Episode 12 & 13: Fade out and clean up
In episode 12(1h:25m) I started with building a simple score tracker. Adding gradual fading became a bit of a cliffhanger, because I introduced a gnarly bug that I was only able to resolve in episode 13 (1h:20). I used this as motivation to clean up and reorganize the code with the help of the glorious Conquer of Completion Vim plugin.
For episode 12 I created a single commit as before. It’s the head of the episode12 branch.
For the changes of episode 13, I went with a different approach. Since I reorganized the code a lot a large number of lines changed. To keep them comprehensible I separated them into multiple smaller commits. Of course, there is still also the episode13 branch that represents the state of the code after that episode. To see only the steps I did in that episode you can check out this pull request.
To be able to keep score I added a new type
Score that I use in the
I implemented it in the most simple way: Clearing 1 row = 1 Point. The real Tetris has a much more sophisticated scoring algorithm (Source: Tetris Wiki)
|Points for 1 line
level(n) = 40 * (n + 1) 100 * (n + 1) 300 * (n + 1) 1200 * (n + 1)
Fading cleared lines
To be able to fade a row I added a new variant
FadingRow to the
= Row (List Field)
| FadingRow (List Field) Opacity
A fading row represents a row that was logically removed but is visually still present. Next to the tile information it also contains a value for the opacity.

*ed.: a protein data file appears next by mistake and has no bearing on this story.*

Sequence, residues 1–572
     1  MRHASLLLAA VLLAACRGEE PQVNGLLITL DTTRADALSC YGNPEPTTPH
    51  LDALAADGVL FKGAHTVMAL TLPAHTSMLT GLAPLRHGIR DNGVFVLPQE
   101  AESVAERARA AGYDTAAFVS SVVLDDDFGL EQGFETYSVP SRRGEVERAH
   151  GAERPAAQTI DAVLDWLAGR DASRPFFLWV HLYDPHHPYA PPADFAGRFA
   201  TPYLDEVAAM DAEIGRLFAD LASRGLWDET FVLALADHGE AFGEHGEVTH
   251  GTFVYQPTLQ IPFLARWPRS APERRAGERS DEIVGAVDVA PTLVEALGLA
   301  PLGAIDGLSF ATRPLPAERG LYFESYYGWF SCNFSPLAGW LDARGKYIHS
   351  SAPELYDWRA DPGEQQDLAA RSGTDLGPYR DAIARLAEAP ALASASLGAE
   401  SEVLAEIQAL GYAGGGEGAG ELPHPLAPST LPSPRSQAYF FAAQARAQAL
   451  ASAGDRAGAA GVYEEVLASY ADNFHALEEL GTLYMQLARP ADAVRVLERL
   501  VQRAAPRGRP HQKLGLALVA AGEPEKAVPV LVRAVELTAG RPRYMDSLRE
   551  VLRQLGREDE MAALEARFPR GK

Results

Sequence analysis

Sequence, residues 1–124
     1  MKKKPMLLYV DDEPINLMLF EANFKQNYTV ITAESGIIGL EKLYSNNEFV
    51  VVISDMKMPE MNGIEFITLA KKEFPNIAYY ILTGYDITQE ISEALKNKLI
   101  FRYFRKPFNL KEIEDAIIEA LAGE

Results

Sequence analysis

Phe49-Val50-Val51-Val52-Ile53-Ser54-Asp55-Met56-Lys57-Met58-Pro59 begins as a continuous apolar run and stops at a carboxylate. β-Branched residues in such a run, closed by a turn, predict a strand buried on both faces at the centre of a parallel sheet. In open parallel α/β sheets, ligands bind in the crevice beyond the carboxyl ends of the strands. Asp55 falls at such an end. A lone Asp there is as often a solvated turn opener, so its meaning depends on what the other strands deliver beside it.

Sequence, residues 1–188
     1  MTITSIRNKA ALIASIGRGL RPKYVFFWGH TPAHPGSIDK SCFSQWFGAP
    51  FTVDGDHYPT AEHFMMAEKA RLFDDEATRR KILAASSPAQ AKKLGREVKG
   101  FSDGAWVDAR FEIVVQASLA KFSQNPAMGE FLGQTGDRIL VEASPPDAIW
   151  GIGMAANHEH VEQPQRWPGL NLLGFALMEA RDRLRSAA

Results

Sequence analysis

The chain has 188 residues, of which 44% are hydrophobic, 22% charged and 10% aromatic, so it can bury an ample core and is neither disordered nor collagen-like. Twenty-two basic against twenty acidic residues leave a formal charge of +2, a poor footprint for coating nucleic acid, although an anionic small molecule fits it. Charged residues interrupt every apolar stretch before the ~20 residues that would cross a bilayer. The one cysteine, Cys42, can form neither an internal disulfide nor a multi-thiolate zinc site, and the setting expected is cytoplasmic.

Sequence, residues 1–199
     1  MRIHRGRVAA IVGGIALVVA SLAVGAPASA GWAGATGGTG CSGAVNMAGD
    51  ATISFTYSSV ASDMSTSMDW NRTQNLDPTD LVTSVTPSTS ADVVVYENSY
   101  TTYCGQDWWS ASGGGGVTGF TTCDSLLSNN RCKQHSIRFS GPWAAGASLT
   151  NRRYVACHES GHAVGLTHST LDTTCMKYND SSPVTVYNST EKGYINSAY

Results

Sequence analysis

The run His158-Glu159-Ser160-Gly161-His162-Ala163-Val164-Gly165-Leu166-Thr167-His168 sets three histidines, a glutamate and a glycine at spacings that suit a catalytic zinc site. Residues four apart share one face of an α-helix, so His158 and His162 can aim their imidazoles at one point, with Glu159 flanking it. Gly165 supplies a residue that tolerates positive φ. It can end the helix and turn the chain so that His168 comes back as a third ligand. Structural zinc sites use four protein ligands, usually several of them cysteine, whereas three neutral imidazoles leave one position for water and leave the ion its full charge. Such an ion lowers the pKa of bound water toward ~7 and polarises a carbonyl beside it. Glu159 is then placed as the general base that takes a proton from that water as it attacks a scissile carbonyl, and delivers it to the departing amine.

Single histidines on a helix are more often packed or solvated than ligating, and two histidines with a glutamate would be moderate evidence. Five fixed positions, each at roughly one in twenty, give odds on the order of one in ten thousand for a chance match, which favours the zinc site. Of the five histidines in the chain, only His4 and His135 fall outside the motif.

To be able to progress the fading out in the speed I desire I need to update our model more often. To achieve that we’re now firing the
GravityTick every 30 instead of every 100 milliseconds.
For every tick we decrease the opacity of all fading rows a bit with the
progressFading function until they’ve completely vanished.
It was when I tried to integrate
progressFading in all the right places that I introduced the error that eventually made me give up that day. As part of updating the
eraseCompleteRows function I reset the
The first change in episode 13 resolves the error and finally the fading works as expected.
The rest of that episode I spend separating the general application from the ‘pure’ game logic. Though I wouldn’t go as far as calling it a refactoring since I’ve been mainly moving functions from one module to another.
For that task, I put a new tool of my development environment to use. Conquer of Completion (short CoC) is a Vim plugin that uses the Language Server Protocol to support the developer with language-specific hints. The same protocol is used in Visual Studio Code for many languages for autocompletion and other features like organizing inputs.
With the help of CoC execution operations like moving functions to a different module can be executed much more efficiently. Tedious subtasks like updating imports and removing unused code are reduced to executing the actions proposed by the plugin inline.
Most of the significant steps to set up CoC with Elm for Vim are outlined in the Elm Language Server project.
I think I’ll do a special episode soon showing how to set up a complete Elm development environment with Vim from scratch.